Decroux developed a method from which the actor could build. An actor did not simply project his/her mannerisms, rhythms, charisma, but rather began from a neutral state to build the character out of its inner and outer influences. ‘An actor must take on the body of the character and not the character take on the body of the actor.’

The body must be prepared to project clearly, with precision and detail. Everything is seen and serves as part of the dramatic statement. The actor must be in control and able to exercise choice. His language, like any language, has precise rules of diction and a grammar of physical expression. It is a language which must be learned and mastered. Articulate bodies are more than fit and playful bodies. To be useful to the actor they must be instruments to be relied upon. The actor must learn to understand the possibilities of physical expression and how to prepare himself for such work. ‘Everything is right as long as you do it on purpose.’

Each movement has a value and is done on purpose as a result of dramatic need. A flicker of the fingers or a wandering of the eyes reflects a thought or emotion specific to the given moment. ‘The essential aspect of my work is articulation.’

A well-tuned body was, however, not enough. Decroux understood that it was necessary to know how to use this instrument with imagination and skill.

Decroux’s methods of work involved stripping believable, real characters in order to uncover their passion and humanity. Through the essence of everyday reality the inner state could become visible. Decroux valued humour and, perhaps most of all, passion as a means to make the mundane action become open to new interpretation and further understanding. We see in his work, for example, the hesitation before declared passion, or the inner monologue or dialogue which is in contradiction to the outward gesture.

Decroux always spoke of the need mime had to give spirit to material things and carry reality to its ends. It was not enough ‘to represent work, but the spirit of the person doing it’. In these words there seems to me so much which is relevant to all actors of all theatre. All too often, however, mimes, in their hurry to exploit that which appears to separate them from other actors (their mime ‘techniques’ or their bag of tricks), forget that which is basic to their work. For Decroux mime was to theatre as poetry is to literature – a means to get to the very essence of human movement. Mastering the physical skills specific to express oneself as a mime is a long process. The principles involved in the work, however, are universal to all actors’ needs. Such a method of work makes the process towards the essential, towards the credible, both more efficient and more attainable.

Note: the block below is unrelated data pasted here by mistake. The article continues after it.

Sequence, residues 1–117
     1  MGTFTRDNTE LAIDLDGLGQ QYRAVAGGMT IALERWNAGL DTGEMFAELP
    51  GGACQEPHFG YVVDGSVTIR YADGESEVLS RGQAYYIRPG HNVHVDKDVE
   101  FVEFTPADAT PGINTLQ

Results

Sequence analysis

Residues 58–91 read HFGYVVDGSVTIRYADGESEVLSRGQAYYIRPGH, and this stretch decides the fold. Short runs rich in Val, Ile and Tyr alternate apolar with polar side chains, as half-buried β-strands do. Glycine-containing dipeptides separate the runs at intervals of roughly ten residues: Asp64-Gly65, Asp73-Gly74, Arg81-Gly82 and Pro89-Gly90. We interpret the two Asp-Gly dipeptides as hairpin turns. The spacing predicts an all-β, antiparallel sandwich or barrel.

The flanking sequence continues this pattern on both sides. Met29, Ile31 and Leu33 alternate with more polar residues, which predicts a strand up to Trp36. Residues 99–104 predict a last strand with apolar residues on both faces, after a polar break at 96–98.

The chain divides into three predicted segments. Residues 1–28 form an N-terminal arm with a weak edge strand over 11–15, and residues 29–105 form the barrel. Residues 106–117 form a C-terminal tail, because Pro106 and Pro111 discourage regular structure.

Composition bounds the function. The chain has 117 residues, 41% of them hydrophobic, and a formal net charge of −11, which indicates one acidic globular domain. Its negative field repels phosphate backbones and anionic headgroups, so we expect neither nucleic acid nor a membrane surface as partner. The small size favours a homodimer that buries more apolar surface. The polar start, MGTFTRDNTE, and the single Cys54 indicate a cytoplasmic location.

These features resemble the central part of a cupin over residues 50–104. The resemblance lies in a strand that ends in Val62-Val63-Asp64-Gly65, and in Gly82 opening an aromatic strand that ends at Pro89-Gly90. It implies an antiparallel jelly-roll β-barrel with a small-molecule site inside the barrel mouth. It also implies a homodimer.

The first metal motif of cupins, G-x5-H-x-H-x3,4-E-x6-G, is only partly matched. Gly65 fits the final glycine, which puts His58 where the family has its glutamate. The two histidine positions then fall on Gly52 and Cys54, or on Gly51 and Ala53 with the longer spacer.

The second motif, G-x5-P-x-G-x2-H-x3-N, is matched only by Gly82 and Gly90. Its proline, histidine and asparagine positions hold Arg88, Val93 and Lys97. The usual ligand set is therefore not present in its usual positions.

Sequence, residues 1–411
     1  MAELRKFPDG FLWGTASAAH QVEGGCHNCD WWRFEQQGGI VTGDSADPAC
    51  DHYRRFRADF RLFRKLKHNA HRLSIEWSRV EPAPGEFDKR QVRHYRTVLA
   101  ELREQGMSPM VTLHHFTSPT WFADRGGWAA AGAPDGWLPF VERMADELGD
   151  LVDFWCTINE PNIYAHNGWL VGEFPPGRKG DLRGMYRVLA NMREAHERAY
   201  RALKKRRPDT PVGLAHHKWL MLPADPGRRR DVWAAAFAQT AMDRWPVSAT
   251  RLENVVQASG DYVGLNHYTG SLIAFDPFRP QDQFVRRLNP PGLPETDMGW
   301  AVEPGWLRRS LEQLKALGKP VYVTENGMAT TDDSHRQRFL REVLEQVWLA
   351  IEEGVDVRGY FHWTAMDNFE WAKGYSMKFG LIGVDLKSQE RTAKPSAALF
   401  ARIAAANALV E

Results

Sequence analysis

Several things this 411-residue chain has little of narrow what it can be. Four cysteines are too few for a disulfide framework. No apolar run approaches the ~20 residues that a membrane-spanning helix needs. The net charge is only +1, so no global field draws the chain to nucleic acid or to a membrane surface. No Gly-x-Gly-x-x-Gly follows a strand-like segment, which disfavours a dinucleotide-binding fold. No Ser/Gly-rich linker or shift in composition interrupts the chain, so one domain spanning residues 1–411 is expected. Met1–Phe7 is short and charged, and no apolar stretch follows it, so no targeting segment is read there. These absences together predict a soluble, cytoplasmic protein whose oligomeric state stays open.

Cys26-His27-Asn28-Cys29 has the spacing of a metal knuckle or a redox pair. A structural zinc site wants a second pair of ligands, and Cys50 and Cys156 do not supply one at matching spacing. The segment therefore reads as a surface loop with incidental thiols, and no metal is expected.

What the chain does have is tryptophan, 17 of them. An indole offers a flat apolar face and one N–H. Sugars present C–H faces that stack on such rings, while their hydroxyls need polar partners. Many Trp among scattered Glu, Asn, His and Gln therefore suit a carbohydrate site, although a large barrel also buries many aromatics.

With a grand contempt for all that is mediocre this antisocial socialist often found himself isolated. But it is perhaps this single minded determination which has allowed him to create a process, a common language for all physical actors. He provided a basis with which they may express themselves as corporeal actors, able to move with artistic freedom and responsibility. Decroux was primarily a teacher of actors, his work was as valid for ‘speaking actors’ as it was for mimes. I do not find his ideas and techniques limited to his theatre or philosophy. If, at times, he has seemed enamoured with the form, to the detriment of content (e.g. his concept of l’homme d’ile) it is exactly this language which frees an actor to be physically clear in expressing what he wishes, how he wishes.

The more I teach actors the more I find myself coming back to his ideas: when, for example, I need to help unstick a ‘stuck’ actor. These ideas are formulated in a very clear understanding of the actor’s craft. The work is extremely concrete, concerned with a study of people and movement. It is uncluttered. It is not abstract. It is essential. It is a means to assure an actor of corporeal awareness and control. Always working from the interior, Decroux insisted on techniques (inner monologue, breath, concept of ‘the motor of movement’, etc) which allow the actor to bring the interior to the corporeal surface. It liberates actors as much as clear diction does.

Decroux’s method is not a style nor is it, in itself, theatre. It is simply an actor’s physical language. It is the ability to give, and receive, to interact and communicate, through a glance, a sigh, an explosion.

Anne Dennis is currently Movement Director at Rose Bruford College.

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Issue 3-2
p. 8 - 9